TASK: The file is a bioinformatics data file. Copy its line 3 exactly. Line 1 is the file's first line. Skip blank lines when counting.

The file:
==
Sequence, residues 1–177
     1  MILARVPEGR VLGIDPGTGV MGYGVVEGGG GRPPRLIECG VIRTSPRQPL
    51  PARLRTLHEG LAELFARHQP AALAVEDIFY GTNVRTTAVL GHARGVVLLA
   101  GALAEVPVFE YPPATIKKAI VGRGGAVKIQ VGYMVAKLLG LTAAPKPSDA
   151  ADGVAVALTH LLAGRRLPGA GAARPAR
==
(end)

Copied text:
    51  PARLRTLHEG LAELFARHQP AALAVEDIFY GTNVRTTAVL GHARGVVLLA